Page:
As for childbirth, fathers traditionally don't attend, as it was the case till the fifties in the West, where the necessity and benefits of the man's presence are still debated (but at least the choice is open). So in India, you usually have your mother or mother-in-law in the labor room...

After the delivery, help is generally required as some hospitals don't even serve food. So, my mother-in-law kindly offered to stay with us at night in the hospital (4)... As tradition has it, it was her role to get up at night when the baby would cry; not mine, nor her son’s or the nurses’. To pass me the child for me to feed him. Well, to be precise, it was the role of my mother, who was with us but obviously not keen to sacrifice her sleep! My mother must have seemed quite irresponsible by spending more time dragging her counterpart to shopping sprees every day rather than squatting our hospital room! In fact she was doing her job as the mother of the Samurai, meaning she ensured that the three of us would get some privacy all three of us… (And ‘Privacy’, ‘Intimacy’ are definitely not Indian concepts, even though they were the key words of our birth plan!!).


The hospital that we had chosen was topnotch. Which means that not only did they serve food, but they also had a nutritionist and a lactation expert to help us in the transition. Also, by imposing strict visit timings they were 'pro-intimacy' (which is very innovative in India because normally, once the baby lands in the world, the whole family comes visit. Imagine the chaos!). And a plethora of nurses was there to ensure we would not lack help and that our intimacy would not be too complete...


(4) In India, each patient has the right to have a relative sleeping over; hospital staff even looks at you like you are some kind of alien (a lonely alien (like most of the expats)) if you don't have anyone staying in your room. And I am convinced that this type of moral support helps healing.


(To be continued...)


Babies made-in-India - 4. Naming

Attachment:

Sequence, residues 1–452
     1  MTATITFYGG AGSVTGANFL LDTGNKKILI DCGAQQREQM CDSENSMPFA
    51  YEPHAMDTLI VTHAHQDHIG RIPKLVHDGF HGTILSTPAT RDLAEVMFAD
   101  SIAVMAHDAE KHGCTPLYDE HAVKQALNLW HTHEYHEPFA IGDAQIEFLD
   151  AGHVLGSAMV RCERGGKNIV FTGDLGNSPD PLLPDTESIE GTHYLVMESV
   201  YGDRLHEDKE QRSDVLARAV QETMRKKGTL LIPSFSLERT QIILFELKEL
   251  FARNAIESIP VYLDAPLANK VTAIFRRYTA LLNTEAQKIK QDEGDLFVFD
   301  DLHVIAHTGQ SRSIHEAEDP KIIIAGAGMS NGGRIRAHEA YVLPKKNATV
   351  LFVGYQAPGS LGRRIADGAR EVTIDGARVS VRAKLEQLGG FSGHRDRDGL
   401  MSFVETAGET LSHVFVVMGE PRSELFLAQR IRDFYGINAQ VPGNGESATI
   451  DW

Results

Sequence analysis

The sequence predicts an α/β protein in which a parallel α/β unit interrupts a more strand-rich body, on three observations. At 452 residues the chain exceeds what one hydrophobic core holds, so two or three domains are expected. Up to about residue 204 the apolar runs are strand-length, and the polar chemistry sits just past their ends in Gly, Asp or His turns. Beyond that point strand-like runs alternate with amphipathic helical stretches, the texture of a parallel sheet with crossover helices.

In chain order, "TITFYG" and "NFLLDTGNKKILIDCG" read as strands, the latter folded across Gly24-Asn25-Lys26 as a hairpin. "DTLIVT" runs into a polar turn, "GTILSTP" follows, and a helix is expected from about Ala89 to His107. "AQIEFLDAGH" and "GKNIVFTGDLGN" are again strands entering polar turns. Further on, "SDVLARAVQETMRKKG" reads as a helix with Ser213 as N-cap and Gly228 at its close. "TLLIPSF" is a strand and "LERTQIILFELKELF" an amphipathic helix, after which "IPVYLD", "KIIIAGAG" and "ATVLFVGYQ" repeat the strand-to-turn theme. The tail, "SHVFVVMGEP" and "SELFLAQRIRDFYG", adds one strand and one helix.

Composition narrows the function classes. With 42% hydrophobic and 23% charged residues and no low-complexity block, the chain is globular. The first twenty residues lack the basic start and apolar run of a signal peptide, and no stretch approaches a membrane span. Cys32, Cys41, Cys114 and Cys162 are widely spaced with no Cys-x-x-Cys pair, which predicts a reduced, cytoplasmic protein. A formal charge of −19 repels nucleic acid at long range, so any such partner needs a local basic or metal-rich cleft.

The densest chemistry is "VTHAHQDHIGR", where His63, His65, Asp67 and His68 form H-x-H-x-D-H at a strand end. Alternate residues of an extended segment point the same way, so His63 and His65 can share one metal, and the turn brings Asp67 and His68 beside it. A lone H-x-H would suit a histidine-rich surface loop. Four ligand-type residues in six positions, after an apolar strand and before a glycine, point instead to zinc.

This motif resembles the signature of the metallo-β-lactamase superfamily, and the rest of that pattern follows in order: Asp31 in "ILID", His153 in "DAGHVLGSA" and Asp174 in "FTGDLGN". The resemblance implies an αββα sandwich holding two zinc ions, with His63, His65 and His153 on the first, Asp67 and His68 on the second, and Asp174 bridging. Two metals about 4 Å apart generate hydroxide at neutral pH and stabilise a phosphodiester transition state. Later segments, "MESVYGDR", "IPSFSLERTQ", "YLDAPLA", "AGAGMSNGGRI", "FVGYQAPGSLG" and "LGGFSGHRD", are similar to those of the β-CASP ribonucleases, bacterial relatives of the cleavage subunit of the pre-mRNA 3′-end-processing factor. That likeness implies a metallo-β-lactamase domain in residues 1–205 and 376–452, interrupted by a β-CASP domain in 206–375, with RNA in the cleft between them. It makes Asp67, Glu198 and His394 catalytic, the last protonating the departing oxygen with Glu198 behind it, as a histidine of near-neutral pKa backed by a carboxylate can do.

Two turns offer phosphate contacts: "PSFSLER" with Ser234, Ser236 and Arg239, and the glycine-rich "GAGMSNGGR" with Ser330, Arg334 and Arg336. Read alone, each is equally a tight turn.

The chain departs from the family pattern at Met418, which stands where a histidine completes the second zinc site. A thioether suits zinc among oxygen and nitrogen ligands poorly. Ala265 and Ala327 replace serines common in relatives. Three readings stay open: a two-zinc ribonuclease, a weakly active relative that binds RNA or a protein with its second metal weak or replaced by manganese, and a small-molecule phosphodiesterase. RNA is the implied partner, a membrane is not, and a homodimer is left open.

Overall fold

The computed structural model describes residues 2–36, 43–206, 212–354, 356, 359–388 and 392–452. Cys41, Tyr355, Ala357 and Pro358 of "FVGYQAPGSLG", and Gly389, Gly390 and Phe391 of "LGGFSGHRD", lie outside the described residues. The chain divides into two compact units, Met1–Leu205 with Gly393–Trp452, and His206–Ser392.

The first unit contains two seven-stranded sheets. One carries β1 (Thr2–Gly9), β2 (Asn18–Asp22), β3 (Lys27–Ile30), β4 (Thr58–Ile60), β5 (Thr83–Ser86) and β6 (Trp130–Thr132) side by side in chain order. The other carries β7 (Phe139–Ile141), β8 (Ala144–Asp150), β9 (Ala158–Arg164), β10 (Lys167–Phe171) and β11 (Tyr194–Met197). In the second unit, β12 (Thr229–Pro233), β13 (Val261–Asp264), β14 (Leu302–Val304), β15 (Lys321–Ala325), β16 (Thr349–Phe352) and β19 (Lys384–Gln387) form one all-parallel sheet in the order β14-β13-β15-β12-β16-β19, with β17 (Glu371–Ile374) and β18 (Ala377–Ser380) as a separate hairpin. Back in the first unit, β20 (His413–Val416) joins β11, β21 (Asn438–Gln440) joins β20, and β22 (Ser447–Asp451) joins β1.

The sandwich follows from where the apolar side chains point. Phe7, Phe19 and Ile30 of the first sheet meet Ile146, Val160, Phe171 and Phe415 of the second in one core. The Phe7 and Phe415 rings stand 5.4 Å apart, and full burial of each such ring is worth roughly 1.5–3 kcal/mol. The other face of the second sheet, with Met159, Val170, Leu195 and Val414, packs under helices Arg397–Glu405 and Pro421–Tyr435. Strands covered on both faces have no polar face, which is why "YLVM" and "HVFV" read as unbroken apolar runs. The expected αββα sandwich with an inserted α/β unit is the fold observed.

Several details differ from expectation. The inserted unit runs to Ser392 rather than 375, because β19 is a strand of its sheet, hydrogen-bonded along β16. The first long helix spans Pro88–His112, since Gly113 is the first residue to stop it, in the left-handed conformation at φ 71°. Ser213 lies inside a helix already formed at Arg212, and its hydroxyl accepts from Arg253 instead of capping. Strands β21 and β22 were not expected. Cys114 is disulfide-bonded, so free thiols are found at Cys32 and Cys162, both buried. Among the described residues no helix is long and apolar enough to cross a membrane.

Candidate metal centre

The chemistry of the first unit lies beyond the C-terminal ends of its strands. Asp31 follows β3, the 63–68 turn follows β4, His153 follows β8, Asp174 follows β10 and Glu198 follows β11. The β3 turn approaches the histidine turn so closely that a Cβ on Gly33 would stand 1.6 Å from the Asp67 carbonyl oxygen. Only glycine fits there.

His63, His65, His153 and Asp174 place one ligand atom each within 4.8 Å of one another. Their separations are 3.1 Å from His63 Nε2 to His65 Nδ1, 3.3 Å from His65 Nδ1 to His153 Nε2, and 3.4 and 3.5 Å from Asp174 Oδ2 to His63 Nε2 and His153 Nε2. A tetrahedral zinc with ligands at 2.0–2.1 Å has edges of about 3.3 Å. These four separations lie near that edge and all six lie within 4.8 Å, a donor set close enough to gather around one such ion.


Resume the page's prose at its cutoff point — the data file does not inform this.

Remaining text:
india,birth,water birth,pregnancy,baby,infant,newborn,delivery,midwife,swaddling,swaddle,diaper,breastfeeding,hospital,fertility,contraception,sterilization

I was frequently asked, till the baby turned two months if we had already chosen his name!

Indeed, in India, the baby is named at the end of the safety period, generally 40 days. It gives time for the astrologer to find the name, or at least its first letter. Meanwhile, the baby is called baby, and evil spirits are kept at bay!


And if everything goes well, the family organizes at the end of the 40 days, a 'naming ceremony' during which the baby is introduced to the world and sweets are distributed to everybody they know (especially if it's a boy). It is usually on this occasion that hijras (cf my posts on the topic) come to claim their due, ‘guarantee’ that the evil eye will be kept at bay.

I was not too happy when the watchman let them, by the way better informed than the municipality, come up.


Some Indian local customs go even further by having the new mother observe complete bed rest (for example during the first 10 days in Kerala). During this period the new mums have nothing to do but get to know her baby and recover from this undeniably physical hardship. The idea seems good but hyperactive women might fear boredom...


(To be continued...)